It’s no secret that New Zealand Wine is increasingly popular worldwide, with recognisable brands being found on menus and in stores all around the world. With this in mind, we thought we might delve a little deeper into what Aotearoa has to offer.
Many New Zealand Wineries are experimenting – utilizing different varietals to showcase the range and scope of our unique landscape, resulting in new, modern forms of New Zealand wine.
We started our tasting with 2016 Middle Earth Albarino, a wine with a very young vine age – the youth of which providing a very fruit foward palate. The varietal of Albarino comes from the small region of Rias Baixas in North Western Spain, a coastal region where the wines are produced to go with the fresh seafood in the region and this Nelson rendition of Albarino holds its own in that regard – very young, light and fresh, with a dry mineral finish.
Our next wine for the evening was the recently awarded Best in Category at the Air New Zealand Wine Awards – the 2016 Summerhouse Wine Co. Verdelho. From a varietal that hails from Portugal, that is also one of the main grapes of Madeira and Douro Blanco, this was a dry and fresh wine with notes of lime and peach that shows subtle spice from seasoned oak ageing.
The third on our list, 2016 Jules Taylor Gruner Veltliner, is from an Austrian varietal that has seen some success in New Zealand, where our cool climate allows this varietal to retain its freshness and vibrancy. While lacking the vine age to get the complexity of that Austrian Gruner Veltliners can produce, this wine was a stand out on the evening. Doubtless with time and continued growth these wines will eventually be able to produce wines of a similar quality to those of Austria. Neverthless, this wine was fine and fresh, with stone fruit, and lemon zest notes, and a fresh mineral finish.
Next up was the 2016 Escarpment Pinot Blanc. Pinot Blanc – a mutation of Pinot Noir – can resemble Chardonnay with its high acid and neutral flavours. The oak ageing of this wine helps round the acid and soften the wine to allow the subtle spice and stone fruit to shine. A well balanced wine that will further develop in the cellar.
The 2016 Matawhero Church House Chenin Blanc showcased a wine from vines that has been planted in the Patutahi subregion of Gisborne since the mid 1980’s. The result of the extra vine age is a wine with much more complexity and depth. Chenin Blanc is suited to the maritime climate of Gisborne with cool sea breezes to help regulate the temperature. As Chenin Blanc has naturally high acidity, some residual sugar has been to left to balance the wine.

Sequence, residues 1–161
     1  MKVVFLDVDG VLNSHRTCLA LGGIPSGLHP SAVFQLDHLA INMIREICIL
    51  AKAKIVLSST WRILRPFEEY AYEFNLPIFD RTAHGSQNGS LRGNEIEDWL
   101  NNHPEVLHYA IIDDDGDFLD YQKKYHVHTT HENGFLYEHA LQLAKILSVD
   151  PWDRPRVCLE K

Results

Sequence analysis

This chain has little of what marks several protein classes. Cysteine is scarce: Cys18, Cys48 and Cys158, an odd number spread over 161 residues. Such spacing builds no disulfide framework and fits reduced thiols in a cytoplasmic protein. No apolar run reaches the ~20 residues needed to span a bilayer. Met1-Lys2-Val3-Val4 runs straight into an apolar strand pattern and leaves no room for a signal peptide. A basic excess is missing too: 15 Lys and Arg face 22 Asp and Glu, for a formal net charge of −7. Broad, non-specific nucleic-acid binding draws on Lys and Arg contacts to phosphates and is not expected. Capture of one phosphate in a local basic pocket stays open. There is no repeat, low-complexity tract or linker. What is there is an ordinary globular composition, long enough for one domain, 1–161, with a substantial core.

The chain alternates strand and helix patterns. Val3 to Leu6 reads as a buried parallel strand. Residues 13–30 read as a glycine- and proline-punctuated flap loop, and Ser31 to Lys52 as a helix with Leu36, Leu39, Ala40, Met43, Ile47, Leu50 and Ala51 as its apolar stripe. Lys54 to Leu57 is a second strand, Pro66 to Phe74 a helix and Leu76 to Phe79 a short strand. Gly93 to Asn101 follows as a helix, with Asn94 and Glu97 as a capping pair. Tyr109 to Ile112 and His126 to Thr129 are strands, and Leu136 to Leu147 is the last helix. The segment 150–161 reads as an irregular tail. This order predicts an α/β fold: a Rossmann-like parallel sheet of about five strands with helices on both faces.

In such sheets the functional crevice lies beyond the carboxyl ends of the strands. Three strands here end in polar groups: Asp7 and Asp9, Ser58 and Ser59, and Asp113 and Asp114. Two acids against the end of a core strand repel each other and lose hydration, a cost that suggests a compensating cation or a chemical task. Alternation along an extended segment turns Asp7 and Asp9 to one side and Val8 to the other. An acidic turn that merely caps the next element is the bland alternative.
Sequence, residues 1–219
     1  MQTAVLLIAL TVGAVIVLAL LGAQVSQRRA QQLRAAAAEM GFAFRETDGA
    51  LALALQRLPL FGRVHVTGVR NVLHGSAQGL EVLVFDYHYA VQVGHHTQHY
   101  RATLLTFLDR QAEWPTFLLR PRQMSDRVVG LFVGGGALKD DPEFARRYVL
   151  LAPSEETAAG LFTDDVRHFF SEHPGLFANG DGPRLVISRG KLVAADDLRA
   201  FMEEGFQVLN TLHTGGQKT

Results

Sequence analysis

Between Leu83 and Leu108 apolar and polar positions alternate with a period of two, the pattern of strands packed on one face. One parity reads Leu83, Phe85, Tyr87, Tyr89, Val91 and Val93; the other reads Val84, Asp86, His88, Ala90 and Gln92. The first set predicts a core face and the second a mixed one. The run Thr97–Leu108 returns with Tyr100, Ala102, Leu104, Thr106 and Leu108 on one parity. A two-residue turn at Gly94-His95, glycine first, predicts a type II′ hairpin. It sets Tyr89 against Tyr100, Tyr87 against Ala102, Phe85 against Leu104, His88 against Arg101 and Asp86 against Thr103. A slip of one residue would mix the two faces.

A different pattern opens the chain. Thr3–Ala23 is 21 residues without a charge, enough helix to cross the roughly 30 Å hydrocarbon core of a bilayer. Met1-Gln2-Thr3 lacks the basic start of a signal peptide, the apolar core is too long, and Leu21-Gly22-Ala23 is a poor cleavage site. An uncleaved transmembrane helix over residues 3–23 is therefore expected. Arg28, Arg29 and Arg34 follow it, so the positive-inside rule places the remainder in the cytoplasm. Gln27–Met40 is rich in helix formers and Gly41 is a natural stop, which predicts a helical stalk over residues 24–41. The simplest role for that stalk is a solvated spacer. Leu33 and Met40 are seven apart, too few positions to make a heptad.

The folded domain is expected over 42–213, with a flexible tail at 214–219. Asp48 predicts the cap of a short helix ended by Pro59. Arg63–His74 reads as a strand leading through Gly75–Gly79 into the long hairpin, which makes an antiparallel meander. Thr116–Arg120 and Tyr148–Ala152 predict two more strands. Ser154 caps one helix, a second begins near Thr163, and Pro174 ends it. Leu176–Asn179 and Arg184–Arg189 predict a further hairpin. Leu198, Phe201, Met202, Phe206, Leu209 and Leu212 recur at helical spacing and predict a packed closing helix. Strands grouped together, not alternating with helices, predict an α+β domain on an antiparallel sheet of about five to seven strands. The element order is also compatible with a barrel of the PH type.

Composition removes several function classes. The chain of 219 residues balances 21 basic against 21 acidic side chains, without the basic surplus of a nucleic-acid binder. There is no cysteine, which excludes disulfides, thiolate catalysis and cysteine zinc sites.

Natural wines have been garnering more attention in New Zealand of late, and not without reason. Ben Glover’s 2017 Agent Orange wine, an equal part field blend of Sauvignon Blanc, Riesling and Gewurztraminer was a perfect example of why these wines are drawing interest. Spending 30 days on skins, this orange wine has developed a hazy lemon yellow colour with interesting notes from each varietal. The richness and floral nature of Gewurztraminer soften the tannins of this wine (a result of the skin contact) and make it much more approachable.
Our first red for the evening was the 2017 Te Mata Gamay Noir, a light fruity wine that emulates those of Beaujolais Villages. Half of this wine has been fermented by carbonic maceration, a process that has been used to produce light fruity red wines without too much extracted tannins. The resulting wine is light and floral with notes of rose, and red cherries. This wine is a light and fresh wine that could even be served lightly chilled.
The final wine for the evening was the 2016 Obsidian Montepulciano, a medium to full bodied red wine from Waiheke Island. More fruit forward than those of Italy, this wine has structure and depth. However, this is still a very young wine that will benefit from some ageing in a cellar to help show case some of the savoury notes of the wine.